Malware analysis, signatures and CERTs
CERTs have to provide their constituency early warnings and alerts about new threats.
A typical example is a new form of malware being distributed by e-mail. It takes a while before anti-virus vendors include the new signature to recognise the malware. This means that there’s a time window where the malware is not filtered and users in your constituency can get infected.
To protect your constituency you can provide them your own signature with indicators of compromise describing what the malware does exactly, how to detect it and possibly prevent it from weaponizing further. The process of getting these indicators from a binary is malware analysis.
Doing it manually can be time consuming, difficult and not always feasible. By the time you have finished your analysis there’s already a new mutated form of the malware.
Automated malware analysis
An automated analysis saves you time. You feed it the presumably malicious file and once the analysis is done you have a basic set of IOCs (Indicator of Compromise) that you can distribute to your constituency (possibly via a malware information sharing tool).
Automated analysis also allows you to analyse the behaviour of the malware in different configurations. Think of situation where you have to support multiple versions of Microsoft Office or Adobe Acrobat Reader.
- it covers different windows flavors;
- process creation, code injection, and driver installation methods are tracked and detected;
- analysis of contemporary 64-bit kernel rootkits;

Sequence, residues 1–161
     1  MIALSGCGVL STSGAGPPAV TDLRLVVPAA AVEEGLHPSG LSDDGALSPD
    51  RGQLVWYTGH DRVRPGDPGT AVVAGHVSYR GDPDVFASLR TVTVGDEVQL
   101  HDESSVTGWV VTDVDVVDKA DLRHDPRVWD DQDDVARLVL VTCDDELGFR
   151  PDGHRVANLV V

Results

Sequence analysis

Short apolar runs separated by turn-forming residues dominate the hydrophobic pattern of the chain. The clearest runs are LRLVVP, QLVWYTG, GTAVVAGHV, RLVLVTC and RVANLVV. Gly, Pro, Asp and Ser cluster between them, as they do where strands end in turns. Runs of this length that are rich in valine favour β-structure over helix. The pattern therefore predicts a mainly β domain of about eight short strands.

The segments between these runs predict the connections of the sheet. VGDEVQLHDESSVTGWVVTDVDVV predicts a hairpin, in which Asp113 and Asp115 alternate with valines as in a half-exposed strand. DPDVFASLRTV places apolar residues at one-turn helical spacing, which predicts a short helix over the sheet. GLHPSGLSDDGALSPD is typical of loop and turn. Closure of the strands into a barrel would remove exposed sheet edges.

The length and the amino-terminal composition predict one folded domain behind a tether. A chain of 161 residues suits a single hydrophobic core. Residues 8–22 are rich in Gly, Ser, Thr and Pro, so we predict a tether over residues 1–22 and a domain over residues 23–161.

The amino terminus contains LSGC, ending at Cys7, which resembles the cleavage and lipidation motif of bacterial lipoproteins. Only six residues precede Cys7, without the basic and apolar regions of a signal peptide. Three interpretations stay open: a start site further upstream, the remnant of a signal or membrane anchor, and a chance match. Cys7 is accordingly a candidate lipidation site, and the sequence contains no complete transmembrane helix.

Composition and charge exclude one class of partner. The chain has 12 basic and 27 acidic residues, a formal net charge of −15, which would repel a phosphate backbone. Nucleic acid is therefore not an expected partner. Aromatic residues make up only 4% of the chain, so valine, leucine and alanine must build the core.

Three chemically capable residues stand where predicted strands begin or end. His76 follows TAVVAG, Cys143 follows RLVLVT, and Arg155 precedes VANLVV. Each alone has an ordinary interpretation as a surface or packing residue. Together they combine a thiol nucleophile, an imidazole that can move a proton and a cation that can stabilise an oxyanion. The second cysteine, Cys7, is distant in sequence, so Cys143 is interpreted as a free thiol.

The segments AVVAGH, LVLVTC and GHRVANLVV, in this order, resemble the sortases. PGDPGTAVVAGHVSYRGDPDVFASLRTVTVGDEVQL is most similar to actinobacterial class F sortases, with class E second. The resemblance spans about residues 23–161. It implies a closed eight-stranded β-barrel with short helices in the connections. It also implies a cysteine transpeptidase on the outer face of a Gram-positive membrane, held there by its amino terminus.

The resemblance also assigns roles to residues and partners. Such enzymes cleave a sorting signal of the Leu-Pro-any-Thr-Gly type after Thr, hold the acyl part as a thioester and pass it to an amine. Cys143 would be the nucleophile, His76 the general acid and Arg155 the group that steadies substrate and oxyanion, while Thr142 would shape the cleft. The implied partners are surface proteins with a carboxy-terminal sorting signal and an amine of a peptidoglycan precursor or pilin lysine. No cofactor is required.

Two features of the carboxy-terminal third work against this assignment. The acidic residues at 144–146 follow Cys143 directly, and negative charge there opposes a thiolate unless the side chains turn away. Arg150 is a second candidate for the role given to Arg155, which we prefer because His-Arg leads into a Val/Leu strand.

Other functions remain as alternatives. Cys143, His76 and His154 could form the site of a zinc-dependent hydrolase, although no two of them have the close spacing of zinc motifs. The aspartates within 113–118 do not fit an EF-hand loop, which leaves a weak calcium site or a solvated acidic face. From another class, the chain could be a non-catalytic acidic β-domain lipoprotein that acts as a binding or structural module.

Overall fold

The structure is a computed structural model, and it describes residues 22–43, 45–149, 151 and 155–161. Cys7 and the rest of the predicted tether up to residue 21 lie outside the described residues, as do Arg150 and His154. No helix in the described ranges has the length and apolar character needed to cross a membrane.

- the client-server-architecture allows distribution of jobs.
VMRay got my attention because it claims to be impossible to evade, to be fast and to be reliable. Also I was searching for something similar to CWSandbox. The author of CWSandbox is the CEO of VMRay.
I requested and received a 30-day evaluation account to test the product.
The first generation of malware analysis platforms used emulation. This delivers good results but can quickly become very slow. The second generation used hooks. This is faster but comes at a price. Hooks can be detected and can allow malware to prevent the analysis.
VMRay positions itself as the third generation of malware analysis because of its microprocessor functionality and monitoring methodology. Malware would be oblivious of it being monitored. Of course it would still be able to detect that it’s being run in a virtualization environment but, because of the high adoption of virtualization, that’s for most malware not an issue.
VMRay runs on commodity hardware and you can interface with it via a web browser.
VMRay provides you a hosted test environment. In a production environment you can (or should) have the solution hosted in your premises. This limits the exposure that you give to “sensitive” malware. You still have the possibility to share your information with a community.
After logging in to the secured website you get the dashboard with an overview of your latest samples, analysis and submissions.
Submitting a sample is straightforward with one-click. You can provide a password (for archives) or extra command line options. A check box allows you to choose if you want to share the sample. Basically you just have to add the file and click submit to get it working. The sample type is automatically detected but you can also preset it to the different PE flavors, Word, Powerpoint, Excel, Flash, ….
The analysis is done by a set of rules. The overview of these rules gives you an idea of what is supported in which specific configuration. These rules also allow you to better understand how the artifact behaves with different versions of the operating system or user applications.
Once the analysis is done you get a notification e-mail.
And then the juicy part begins.
VMRay evaluation – analysis
The submissions get analyzed simultaneously in different environments / configurations. This is great because it allows you to easily compare the behavior in different setups. When the analysis is finished you can either download the report (as a zip) or view it online.